Shares of Irvine-based Rivian Automotive declined after the electric-vehicle maker said it will recall about 13,000 vehicles it delivered to customers after discovering a minor structural defect.

The stock fell 8.5% at 9:37 a.m. Monday in New York, deepening a slide that had already wiped out two-thirds of its value this year through Friday’s close.Irvine, California-based Rivian is making the recall because a fastener “may not have been sufficiently torqued,” Chief Executive Officer RJ Scaringe said in a letter to customers that was seen by Bloomberg News. The nut could loosen fully in “rare circumstances,” he added.

The company said it’s recalling almost all of the vehicles delivered to customers even though the issue was discovered only in seven, “out of an abundance of caution.” Rivian said it isn’t aware of any injuries resulting from the issue.

The cost of the recall isn’t material, according to a person familiar with the matter.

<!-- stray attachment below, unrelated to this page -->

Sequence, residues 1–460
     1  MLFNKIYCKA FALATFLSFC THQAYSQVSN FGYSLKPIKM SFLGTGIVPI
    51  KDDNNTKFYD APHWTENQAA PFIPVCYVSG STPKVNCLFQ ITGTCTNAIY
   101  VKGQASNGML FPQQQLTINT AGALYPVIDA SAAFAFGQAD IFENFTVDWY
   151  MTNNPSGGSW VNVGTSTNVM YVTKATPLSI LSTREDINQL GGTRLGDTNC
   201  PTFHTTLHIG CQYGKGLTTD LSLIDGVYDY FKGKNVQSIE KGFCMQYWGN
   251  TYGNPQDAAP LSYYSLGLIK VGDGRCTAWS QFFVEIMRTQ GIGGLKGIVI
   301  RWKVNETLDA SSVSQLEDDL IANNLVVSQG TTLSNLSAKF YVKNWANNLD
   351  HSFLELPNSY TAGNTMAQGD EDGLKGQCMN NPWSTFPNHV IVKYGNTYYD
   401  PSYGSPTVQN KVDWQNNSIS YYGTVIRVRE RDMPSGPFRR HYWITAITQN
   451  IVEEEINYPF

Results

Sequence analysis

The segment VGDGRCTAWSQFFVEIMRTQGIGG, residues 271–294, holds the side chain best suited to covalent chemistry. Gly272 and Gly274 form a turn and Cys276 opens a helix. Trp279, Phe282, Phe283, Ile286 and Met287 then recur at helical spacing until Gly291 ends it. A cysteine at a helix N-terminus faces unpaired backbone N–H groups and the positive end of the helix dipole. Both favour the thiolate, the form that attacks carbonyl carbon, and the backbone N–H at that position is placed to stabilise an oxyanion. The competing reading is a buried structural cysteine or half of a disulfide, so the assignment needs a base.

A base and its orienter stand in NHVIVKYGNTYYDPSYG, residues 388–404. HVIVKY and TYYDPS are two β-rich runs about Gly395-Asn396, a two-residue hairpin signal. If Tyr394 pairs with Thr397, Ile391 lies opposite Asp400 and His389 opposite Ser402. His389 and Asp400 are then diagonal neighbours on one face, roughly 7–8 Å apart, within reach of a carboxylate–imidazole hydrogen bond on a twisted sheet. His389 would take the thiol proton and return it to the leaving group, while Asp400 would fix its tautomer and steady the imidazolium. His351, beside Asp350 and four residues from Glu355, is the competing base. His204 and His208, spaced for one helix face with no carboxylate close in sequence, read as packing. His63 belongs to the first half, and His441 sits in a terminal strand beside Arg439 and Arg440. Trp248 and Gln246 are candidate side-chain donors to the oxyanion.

The recall is a setback for Rivian, which has only recently overcome production problems and parts shortages to deliver its EVs to customers in meaningful volumes. The company also had to deal with the fallout of an embarrassing U-turn in March to raise prices on pre-orders.

Free adjustments

Rivian builds the battery-electric R1T pickup and R1S sport utility vehicle for consumers. It also has a deal with Inc., one of its biggest shareholders, to build 100,000 EV delivery vans by the end of this decade.

“The safety of our customers will always be our top priority, and we are committed to fixing this issue on any affected vehicles as quickly as possible,” a Rivian spokesperson said in a statement. “We will make any necessary adjustments free of charge at one of our service centers.”

Most customers will be able to get their vehicles fixed within minutes, Scaringe said in the letter, by tightening the fastener to a higher torque tolerance. A small percentage of vehicles may need to have parts replaced.

Rivian was seen as the hottest new EV startup to challenge incumbent Tesla Inc., after a monster initial public offering in November and big-name Wall Street backers and strategic investors like Ford Motor Co. However, production challenges have sent the shares down this year, though its reaffirmation of a goal of building 25,000 EVs this year helped trim losses.